• There is enough text, imagery and pop culture references to Tyrannosaurus rex that, if laid end to end, they would give the Martian rover Curiosity a bridge back home. (Image above: my painting of Tyrannosaurus, which extends that bridge far enough to give Curiosity something to wipe its feet on when it gets back). Tyrannosaurus has invaded the consciousness of palaeontologists and the public like no other extinct species. Far older than the dodo, more spectacular than mammoths and more frightening than the gigantic sauropods, Tyrannosaurus is the ultimate symbol of prehistoric life. Its rise to fame was helped by being discovered in plenty of time for dinosaur movie makers to become acquainted with its size and awesomeness, by being the largest predatory dinosaur for the best part of a century, and having a PR-perfect name. You don't have to be a scholar of ancient languages to know that something called Tyrannosaurus rex is going to be a whole heap of badassery, and unlike many Greek names, it's pronounceable on your first try. The truncated binomial, T. rex,is a piece of cake to remember and sounds cool, like the name of a sports car, a swish computer processer, or an assassinatobot from the Terminator franchise. The latter is entirely fitting for an animal of gigantic size, bone crushing bite and ability to swallow eight year old children-sized prey whole.

    Like most child dinofanciers, I drew buttloads of Tyrannosaurus when I was growing up, a hobby spurned on by the 1993 release of Jurassic Park. Looking back on that movie, Tyrannosaurus was clearly its star and the creature that most effectively demonstrated the transition from the lumbering, lizard-like dinosaurs of Hollywood's Golden Age to the fast, cunning monsters we recognise them as today. The brachiosaur may have evoked awe, but it didn't behave in a dissimilar fashion to other movie sauropods. Velociraptor revealed an unfamiliar and sinister side to the dinosaur cannon, but mot people had no concept of Velociraptor or other dromaeosaurs before then. Tyrannosaurus, though, was already familiar through its out-of-shape, tail-dragging variants being featured in the 1925 The Lost World, the 1933 King Kongand 1964 Valley of Gwangi*. When the toned, fast and ferocious Jurassic Park version started overturning cars, smashing a small building to matchwood, and almost outrunning a jeep, it was clear that the perception of dinosaurs had received a complete makeover, and that their interpretation as lizard-like creatures had been banished.

    *Yes, yes: I know. Gwangi wasn't a straight Tyrannosaurus, but he was half. Harryhausen made Gwangi, as he did his other prehistoric creatures, by compositing his favourite bits of different animals into one model. Gwangi was a mix of Tyrannosaurus and Allosaurus, which Harryhausen termed 'Allo-rex'.

    Since 2005, I've drawn considerably fewer Tyrannosaurus, and certainly never painted one. In coming back to Tyrannosaurus after all this time, I made a wholehearted effort to do it justice. All too often, Tyrannosaurus is rendered as a generic theropod with short, two-fingered arms, a large head and massive teeth, but such portrayals miss a lot of remarkable anatomy (above, lateral view of the restored skull and mandible of FMNH PR2081, better known as the Tyrannosaurus called 'Sue', showing the characteristic shapes common to Tyrannosaurus skulls. Image by me, 2008). Tyrannosaurus is the acme of tyrant dinosaur evolution, knocking 'standard' tyrannosaurid anatomy up to 11 to become on the most 'extreme' dinosaurs known. Anatomical quirks include the very wide temporal region of the skull, the abrupt, vertical termination to the muzzle, and the cool shades over the eyes. Their necks probably heavily muscled, judging by the space for neck muscle attachment on the Tyrannosaurus skull, cervical vertebrae and anterior trunk skeleton. The torso shape is unusual too, with their gently arcing ribs forming a thoroughly barrel-chested torso, which would partially obscure the big thigh muscles when viewed from anterior aspect. As with depiction of a coelurosaur nowadays, a decision had to be made about whether to apply a covering of feathers, as is increasingly plausible for theropods of all sizes. I followed the data offered by several scrappy Tyrannosaurus skin impressions showing pebbly scales for much of the body, but also figured that a few large, thickened scales across the face, neck and back wouldn't look out of place. These were animals that habitually tried to bite each others faces off after all, so few bits of toughened hide would not have gone amiss. Oh, and a few feathers can be seen at the end of the tail, because even tough animals have their sensitive sides.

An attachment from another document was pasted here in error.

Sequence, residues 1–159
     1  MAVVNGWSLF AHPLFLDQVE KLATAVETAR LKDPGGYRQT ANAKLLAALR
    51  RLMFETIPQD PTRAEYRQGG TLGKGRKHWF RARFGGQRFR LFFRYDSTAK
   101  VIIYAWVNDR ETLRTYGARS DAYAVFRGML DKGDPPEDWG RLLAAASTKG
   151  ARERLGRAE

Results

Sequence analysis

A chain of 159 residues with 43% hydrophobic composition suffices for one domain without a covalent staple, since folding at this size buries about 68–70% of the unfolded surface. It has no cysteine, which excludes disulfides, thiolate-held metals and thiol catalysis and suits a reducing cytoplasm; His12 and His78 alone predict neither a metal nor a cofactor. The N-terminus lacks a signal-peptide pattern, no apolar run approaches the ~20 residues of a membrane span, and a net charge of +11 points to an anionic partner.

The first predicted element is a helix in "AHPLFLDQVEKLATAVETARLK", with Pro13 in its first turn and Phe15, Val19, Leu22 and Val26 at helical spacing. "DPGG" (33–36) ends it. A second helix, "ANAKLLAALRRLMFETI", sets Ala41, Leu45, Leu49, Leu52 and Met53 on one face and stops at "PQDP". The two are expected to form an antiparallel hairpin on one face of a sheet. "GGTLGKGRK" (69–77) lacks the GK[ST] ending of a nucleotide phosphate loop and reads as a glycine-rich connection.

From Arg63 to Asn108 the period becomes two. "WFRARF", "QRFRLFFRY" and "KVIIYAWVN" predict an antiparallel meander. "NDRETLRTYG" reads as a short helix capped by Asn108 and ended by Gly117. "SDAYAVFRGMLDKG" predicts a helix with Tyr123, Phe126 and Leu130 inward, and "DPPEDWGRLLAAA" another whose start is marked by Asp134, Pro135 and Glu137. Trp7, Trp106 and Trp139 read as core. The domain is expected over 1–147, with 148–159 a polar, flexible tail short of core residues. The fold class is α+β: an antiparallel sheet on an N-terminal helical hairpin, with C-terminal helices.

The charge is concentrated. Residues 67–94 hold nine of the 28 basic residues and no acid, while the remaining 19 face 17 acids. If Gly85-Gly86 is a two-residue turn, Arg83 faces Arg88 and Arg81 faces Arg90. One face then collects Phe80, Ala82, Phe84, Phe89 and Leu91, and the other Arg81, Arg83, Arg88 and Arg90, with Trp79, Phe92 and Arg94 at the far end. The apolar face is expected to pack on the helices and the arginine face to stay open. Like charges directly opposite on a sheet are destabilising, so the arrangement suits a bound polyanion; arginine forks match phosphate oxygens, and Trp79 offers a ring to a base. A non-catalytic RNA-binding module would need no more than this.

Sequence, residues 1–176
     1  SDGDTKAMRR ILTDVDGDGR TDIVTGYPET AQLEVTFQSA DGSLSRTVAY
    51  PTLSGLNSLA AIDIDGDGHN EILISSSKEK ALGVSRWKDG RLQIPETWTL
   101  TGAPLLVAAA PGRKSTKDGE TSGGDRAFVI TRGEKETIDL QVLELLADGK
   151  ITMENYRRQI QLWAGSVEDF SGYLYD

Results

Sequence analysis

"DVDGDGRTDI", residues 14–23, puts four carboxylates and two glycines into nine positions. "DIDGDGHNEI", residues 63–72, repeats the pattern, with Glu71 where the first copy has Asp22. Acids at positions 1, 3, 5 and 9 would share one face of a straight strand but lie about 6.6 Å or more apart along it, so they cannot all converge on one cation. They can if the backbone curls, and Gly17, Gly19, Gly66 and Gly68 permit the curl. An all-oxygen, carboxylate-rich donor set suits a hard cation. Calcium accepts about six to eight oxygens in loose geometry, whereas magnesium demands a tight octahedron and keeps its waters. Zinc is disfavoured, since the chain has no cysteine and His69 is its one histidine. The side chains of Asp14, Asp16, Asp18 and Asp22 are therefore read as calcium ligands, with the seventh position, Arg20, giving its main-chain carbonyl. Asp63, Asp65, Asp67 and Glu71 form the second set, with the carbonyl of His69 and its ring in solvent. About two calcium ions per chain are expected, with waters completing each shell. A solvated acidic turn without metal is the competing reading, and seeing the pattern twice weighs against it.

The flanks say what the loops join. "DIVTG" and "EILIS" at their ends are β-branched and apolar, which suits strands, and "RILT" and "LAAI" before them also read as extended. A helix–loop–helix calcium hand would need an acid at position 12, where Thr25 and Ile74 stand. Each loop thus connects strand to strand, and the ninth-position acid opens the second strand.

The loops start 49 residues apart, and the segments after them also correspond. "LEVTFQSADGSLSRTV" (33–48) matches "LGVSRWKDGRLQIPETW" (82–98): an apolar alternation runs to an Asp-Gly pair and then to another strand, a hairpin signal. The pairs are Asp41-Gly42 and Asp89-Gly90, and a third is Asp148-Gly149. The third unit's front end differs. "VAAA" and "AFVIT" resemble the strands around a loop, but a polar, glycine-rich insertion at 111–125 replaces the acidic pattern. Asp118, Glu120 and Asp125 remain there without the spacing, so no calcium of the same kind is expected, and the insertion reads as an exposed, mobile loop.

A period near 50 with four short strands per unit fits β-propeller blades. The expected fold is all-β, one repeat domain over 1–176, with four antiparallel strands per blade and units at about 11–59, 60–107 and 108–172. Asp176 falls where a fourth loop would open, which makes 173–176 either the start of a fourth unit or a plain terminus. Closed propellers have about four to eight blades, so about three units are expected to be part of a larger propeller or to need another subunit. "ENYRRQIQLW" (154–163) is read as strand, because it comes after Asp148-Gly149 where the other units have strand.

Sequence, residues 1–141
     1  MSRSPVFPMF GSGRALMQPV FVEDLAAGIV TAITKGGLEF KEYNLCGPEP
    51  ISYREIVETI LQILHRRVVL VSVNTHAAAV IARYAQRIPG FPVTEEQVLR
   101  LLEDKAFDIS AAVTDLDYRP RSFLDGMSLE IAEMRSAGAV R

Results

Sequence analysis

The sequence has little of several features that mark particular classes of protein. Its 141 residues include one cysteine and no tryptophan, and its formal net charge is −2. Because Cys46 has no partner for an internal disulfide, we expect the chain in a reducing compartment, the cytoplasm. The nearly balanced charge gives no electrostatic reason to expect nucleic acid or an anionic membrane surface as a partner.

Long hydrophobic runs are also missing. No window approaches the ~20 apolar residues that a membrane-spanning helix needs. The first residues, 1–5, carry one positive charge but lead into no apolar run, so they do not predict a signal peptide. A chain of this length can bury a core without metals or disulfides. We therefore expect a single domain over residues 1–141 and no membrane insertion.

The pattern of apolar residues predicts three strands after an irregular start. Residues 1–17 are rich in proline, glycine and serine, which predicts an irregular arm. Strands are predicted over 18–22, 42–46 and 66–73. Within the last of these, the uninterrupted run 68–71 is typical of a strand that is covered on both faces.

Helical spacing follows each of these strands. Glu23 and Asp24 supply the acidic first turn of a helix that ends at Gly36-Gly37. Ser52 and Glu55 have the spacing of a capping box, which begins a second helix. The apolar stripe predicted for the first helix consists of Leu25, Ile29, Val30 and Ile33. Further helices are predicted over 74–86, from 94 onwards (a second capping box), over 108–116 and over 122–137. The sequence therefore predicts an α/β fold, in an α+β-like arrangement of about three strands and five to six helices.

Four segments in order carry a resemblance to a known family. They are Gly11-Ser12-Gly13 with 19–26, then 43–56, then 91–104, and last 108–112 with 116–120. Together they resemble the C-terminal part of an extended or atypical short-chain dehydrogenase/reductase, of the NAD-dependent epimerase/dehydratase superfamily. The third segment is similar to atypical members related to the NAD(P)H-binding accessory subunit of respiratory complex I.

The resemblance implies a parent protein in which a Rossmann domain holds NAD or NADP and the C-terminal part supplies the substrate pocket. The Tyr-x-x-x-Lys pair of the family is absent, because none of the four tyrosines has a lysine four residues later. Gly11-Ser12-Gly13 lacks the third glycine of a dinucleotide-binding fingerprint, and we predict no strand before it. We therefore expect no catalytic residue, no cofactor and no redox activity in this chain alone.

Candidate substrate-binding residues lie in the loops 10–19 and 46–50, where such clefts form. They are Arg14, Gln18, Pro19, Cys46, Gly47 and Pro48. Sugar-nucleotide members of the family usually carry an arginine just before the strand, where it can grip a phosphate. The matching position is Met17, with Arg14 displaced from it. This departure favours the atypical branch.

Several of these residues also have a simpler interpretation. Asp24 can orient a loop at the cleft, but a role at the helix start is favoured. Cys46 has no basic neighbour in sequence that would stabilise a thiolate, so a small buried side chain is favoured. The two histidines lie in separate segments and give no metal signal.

Some time was spent pondering what to have my Tyrannosaurus doing, too. Tyrannosaurus is a seriously busy animal in palaeoartistic renditions. It's always doing something, be it roaring, chasing a hadrosaur, eating a dead Triceratops, roaring, running for no obvious reason, roaring, stalking unseen animals, roaring, making or nurturing babies, roaring, battling other theropods or perhaps roaring (if our depictions of Tyrannosaurus are accurate, the Maastrichtian fauna of North America must've been deafened by the incessant screaming of the local tyrannosaurs, because they always seem to be making noise in our pictures of them!). To avoid these clichés, the Tyrannosaurus here is doing, well, not very much, really. He's just standing around, looking like he's trying to remember why he walked over to that point in the first place, or perhaps wondering where he left his car keys. Point is, it's doing nothing in particular, which seems to be a relative rarity among tyrannosaur palaeoart, but perhaps allows for a little more appreciation of its shape and form. Plus, this is clearly a Tyrannosaurus from the northern extreme of its range, where forests of conifer and deciduous trees were common. I think I may have spent more time on the plants in this image than any other I've drawn, which requires a hat tip towards palaeoart man of the moment John Conway. John's attention to vegetationin his palaeoart has shown up other palaeoartists for all too often using plants as a generic, green backdrop to their work, which I'm entirely guilty of, and need to stop. There does seem to have been a bit of a push against purely green, tropical worlds in Mesozoic palaeoart recently , which joins the 'anti-shrink wrap' palaeoart movement mentioned in the previous post in marking a new age in our depictions of ancient worlds.